For once something good to come out of Yemen.
The reuters article does not mention the name, but I believe it to be Luke Somers.
UPDATE: Sister of former hostage says he was killed in the rescue attempt, so there are conflicting stories competing with each other presently.
UPDATE: II: AP was wrong, al-Reuters was right:;
British-born U.S. photojournalist and South African aid worker – who was due to be released tomorrow – are executed by al-Qaeda during failed American commando rescue attempt in Yemen
Luke Somers (left and centre) had been held hostage since September 2013 in Yemen’s capital Sana’a having moved to the country two years earlier. The 33-year-old was reportedly shot by his captors as US commandos carried out a dramatic rescue bid in the southern Shabwa province (right) late on Friday night. South African hostage Pierre Korkie (inset right) was also killed during the operation – a day before he was due to be released. Mr Somers was badly wounded when commandos found him and he died from his injuries by the time he had been flown to a U.S. naval ship, it has been reported. His sister Lucy said she learned of her brother’s death from FBI agents at 5am this morning. ‘We ask that all of Luke’s family members be allowed to mourn in peace,’ she said from London. Earlier this week al Qaeda in the Arabian Peninsula (AQAP) issued a video with a message aimed at the US government threatening to kill the hostage if its demands were not met. The video began with a reading in Arabic from Nasser bin Ali al Ansi, an AQAP official, before Mr Somers (center) was forced to beg for his life.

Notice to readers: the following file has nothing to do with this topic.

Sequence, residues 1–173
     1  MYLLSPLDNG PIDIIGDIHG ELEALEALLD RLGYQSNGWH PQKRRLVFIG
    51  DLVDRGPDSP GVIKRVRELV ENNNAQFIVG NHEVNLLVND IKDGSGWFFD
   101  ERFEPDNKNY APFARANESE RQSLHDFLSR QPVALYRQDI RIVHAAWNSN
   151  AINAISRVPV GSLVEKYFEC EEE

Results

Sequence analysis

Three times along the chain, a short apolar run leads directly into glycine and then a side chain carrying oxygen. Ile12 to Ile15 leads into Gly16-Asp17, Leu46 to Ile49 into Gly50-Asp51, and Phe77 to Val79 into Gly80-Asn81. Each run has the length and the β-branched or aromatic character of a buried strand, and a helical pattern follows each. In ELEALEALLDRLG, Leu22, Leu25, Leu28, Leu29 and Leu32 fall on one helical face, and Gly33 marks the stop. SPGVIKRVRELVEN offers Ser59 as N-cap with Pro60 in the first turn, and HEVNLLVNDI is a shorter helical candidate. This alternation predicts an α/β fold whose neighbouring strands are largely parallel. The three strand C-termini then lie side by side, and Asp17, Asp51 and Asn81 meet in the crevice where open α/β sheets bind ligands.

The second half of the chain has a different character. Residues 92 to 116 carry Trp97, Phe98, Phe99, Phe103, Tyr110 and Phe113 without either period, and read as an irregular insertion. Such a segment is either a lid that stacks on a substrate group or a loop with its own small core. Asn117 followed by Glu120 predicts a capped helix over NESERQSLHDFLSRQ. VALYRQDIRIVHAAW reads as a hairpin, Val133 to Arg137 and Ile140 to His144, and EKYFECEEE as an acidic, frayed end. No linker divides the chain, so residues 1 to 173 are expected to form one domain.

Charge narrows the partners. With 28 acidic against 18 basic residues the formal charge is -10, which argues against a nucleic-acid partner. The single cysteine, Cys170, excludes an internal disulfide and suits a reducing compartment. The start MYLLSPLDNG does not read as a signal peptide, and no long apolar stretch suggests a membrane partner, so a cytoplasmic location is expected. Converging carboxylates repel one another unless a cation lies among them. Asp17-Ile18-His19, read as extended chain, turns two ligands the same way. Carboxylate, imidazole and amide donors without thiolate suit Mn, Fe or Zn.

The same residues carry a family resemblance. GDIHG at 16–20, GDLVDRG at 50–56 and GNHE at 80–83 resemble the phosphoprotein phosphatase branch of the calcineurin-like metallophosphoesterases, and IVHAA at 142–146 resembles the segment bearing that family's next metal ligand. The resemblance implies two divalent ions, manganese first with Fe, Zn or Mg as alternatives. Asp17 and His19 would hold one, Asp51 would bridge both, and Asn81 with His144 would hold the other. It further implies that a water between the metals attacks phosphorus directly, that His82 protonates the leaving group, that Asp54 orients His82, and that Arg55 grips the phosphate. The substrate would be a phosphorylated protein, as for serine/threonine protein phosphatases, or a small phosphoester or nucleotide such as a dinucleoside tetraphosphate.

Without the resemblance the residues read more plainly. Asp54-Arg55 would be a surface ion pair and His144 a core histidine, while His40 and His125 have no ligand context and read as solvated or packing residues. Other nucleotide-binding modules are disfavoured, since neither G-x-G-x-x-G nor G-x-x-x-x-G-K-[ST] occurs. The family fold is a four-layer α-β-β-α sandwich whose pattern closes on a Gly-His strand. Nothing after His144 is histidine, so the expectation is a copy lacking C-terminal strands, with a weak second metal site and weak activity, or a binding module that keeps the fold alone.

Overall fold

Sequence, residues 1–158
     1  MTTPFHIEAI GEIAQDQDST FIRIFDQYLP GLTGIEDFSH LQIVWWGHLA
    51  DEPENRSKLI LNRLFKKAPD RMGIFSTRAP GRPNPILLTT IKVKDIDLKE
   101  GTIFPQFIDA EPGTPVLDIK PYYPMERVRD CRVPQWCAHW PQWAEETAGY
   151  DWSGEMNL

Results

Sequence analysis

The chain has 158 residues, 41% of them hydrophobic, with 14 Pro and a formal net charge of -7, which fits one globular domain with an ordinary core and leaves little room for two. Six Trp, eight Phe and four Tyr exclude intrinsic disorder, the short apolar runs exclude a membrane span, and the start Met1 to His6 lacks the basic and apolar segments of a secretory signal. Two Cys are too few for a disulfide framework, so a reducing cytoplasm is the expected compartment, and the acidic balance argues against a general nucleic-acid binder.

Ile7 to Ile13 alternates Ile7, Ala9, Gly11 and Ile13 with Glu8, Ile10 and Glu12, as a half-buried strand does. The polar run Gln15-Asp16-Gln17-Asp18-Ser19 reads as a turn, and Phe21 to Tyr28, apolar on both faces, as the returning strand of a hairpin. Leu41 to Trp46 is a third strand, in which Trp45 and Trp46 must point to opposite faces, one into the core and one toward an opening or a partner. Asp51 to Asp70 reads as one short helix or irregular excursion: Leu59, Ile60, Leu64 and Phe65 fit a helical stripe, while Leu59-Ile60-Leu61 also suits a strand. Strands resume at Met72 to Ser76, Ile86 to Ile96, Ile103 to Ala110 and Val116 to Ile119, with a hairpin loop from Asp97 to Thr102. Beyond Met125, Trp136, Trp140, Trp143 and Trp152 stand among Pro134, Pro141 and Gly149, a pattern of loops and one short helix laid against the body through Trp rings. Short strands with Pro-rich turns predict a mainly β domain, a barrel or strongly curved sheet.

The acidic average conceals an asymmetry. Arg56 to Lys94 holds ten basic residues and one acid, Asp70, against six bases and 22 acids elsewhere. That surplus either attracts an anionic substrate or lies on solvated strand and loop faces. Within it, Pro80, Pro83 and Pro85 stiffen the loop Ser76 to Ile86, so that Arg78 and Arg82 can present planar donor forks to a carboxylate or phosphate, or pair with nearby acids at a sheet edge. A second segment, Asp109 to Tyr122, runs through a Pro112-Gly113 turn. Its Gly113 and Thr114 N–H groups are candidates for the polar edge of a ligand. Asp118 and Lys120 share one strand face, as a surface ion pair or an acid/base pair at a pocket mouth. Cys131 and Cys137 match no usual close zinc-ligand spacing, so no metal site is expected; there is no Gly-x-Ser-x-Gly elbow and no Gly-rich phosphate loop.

American hostage in Yemen freed in military raid: Defense Ministry
SANAA (Reuters) – An operation by Yemen’s armed forces early on Saturday freed an American hostage being held by al Qaeda and led to the killing of 10 members of the militant group holding him, the country’s Defense Ministry said on its website.
It said the operation took place in the Wadi Abdan Al Daqqar region of Shabwa Province in the southern part of the country.
(Reporting By Mohammed Ghobari and Mohammed Mukhashaf in Sanaa and Aden; Writing Angus McDowall, editing by Louise Heavens)